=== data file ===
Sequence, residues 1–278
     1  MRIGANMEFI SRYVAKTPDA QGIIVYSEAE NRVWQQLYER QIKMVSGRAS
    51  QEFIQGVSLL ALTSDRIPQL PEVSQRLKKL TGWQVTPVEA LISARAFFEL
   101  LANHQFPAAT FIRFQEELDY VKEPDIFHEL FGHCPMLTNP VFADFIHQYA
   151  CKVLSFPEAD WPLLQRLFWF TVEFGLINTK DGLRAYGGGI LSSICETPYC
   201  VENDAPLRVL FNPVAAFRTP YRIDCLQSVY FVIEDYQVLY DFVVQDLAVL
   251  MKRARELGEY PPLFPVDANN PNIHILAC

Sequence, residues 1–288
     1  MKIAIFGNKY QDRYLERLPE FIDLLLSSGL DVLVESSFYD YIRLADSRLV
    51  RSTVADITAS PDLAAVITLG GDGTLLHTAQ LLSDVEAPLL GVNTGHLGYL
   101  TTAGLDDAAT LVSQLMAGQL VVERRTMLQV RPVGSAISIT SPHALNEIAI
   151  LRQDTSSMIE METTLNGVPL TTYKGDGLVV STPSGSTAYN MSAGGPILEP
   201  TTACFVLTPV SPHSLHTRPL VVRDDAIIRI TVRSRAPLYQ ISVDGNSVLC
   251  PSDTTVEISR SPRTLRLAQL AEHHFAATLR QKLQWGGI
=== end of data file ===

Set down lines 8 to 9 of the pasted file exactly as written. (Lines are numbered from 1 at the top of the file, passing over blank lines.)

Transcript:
Sequence, residues 1–288
     1  MKIAIFGNKY QDRYLERLPE FIDLLLSSGL DVLVESSFYD YIRLADSRLV